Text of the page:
Risk perception and possibilities for risk communication
Concerns about a possible terrorist attack have risen in the past 5 years in the Netherlands and the current risk communication strategy by the Dutch government could gain from several changes.
The last fifteen years have been marked by several terrorist attacks in European countries, for example in Paris in January and November 2015, or Manchester in May 2017. The summer of 2017 marked a series of threats in the Netherlands. According to the NCTV, the current threat level in the Netherlands is substantial, implying that a terrorist attack in the Netherlands is likely to occur. Recent attacks throughout Europe may have an impact on the risk perception of the Dutch population. Prior research has shown that a population’s risk perception can increase due to an attack in another (Western) country.
Our study published today sought to assess risk perception in the Netherlands related to the terrorist threat and possibilities for risk communication by the Dutch government related to the terrorist threat. Using various sources of information (a literature review, an analysis of existing surveys, an online survey sent out to a representative sample of the Dutch population, Google search analyses and interviews with sixteen professionals), we found that the Dutch population reacts relatively calmly to attacks in neighboring countries and the possible risks of a terrorist attack.
Perception of risk in the Netherlands and behavioral adjustments
Careful analyses of existing survey reports showed that concerns about a terrorist attack in the Netherlands have slightly increased in the Netherlands between 2012 and 2017. A trend analysis of Google search results showed a clear peak in searches carried out after various attacks in neighboring countries (the attacks occurred between January 2015 and June 2017) when searching for terms relating to terrorism in the Netherlands. The survey sent out for this study showed that: respondents were more worried about an attack in their place of residence than to personally become a victim of an attack. These results indicate that, even though the fear of a terrorist attack slightly increased in the Netherlands, the fears remained relatively low. However, we did see a slight rise in the fear of a terrorist attack. Closely related to the perception of risk are possible behavioral adjustments as a response to a terrorist threat. However, our study showed that only a few people were inclined to avoid crowded places because of their fear of a terrorist attack. Mobility changes are relatively uncommon.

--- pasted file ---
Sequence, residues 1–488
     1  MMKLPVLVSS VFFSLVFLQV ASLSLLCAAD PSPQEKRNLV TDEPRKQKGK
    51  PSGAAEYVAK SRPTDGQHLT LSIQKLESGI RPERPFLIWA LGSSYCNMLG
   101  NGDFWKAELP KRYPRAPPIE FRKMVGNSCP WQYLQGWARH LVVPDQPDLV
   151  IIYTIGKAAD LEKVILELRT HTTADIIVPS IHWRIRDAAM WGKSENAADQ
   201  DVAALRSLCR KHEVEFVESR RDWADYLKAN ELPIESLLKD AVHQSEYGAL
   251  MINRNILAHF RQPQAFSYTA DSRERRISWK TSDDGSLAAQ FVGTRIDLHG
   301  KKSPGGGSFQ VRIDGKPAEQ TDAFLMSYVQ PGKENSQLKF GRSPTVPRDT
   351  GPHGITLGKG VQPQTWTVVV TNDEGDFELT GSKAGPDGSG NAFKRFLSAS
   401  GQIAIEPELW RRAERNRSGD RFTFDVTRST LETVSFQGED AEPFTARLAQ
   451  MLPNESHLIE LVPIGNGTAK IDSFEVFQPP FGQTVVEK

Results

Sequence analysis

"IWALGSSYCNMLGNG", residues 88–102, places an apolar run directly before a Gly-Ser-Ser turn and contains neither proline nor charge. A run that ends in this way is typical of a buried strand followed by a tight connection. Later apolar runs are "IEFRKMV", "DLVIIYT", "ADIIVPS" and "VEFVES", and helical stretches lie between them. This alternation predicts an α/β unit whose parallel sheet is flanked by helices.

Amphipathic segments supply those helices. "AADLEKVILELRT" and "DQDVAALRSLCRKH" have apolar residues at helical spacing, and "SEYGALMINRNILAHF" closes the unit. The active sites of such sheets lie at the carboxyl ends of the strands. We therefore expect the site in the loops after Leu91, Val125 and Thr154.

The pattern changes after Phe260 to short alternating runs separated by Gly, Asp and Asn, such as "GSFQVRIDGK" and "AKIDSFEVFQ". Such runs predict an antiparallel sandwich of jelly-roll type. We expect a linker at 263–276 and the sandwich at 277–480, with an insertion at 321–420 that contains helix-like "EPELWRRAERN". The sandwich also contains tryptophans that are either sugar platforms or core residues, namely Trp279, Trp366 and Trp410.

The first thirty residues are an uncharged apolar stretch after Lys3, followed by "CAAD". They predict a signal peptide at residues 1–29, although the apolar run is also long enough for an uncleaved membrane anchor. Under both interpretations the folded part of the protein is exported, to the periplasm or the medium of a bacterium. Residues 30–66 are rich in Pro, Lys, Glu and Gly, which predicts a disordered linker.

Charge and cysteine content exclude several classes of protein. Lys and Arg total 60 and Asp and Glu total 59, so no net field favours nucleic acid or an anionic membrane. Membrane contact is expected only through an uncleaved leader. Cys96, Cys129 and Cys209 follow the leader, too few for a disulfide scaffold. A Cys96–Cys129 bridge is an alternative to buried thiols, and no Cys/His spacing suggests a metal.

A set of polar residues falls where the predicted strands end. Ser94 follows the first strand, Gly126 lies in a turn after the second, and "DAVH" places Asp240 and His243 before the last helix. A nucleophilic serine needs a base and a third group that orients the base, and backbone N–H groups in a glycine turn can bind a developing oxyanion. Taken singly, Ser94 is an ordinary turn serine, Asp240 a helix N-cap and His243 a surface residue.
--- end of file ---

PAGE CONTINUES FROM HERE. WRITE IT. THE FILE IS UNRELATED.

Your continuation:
Communication about terrorist threats in the Netherlands by the Dutch government
Our study shows that communication about the terrorist threat and the capabilities of the Dutch government to prevent a terrorist attack is seen as sufficient by the Dutch public. Approximately 85 percent of the respondents of the survey felt that the government acted ‘reasonably’, ‘sufficient’ or ‘well’ to prevent a terrorist attack. However, slightly more than half of the respondents (50.2%) felt that the Dutch government was hardly able to prevent a terrorist attack. A somewhat tentative explanation for this could be that the government is able to paint a realistic picture of its activities and the possibilities of preventing a terrorist attack.
When asked if the Dutch public is able to assess the activities of the NCTV, the current threat level and the terrorist threat assessment Netherlands (DTN), many of the respondents were unable to do so. Possibilities for the government therefore lie in actively informing the Dutch population of the terrorist threat, how to act during a possible threat and changes in the threat level. Our online survey found that many subgroups in the Netherlands receive their information from other sources: young people are more active on social media, whereas older age categories find their information via traditional (news) sources. Our survey also found that a clear message on the current threat level should be the aim of the Dutch government.
Overall, it appears that the Dutch population reacts relatively calmly in response to a possible terrorist threat in the Netherlands and terrorist attacks in European countries. The Dutch public would like to be informed about the current threat level and likelihood of a terrorist attack happening. Informing the Dutch public by means of focusing on various subgroups might be helpful in conveying this information.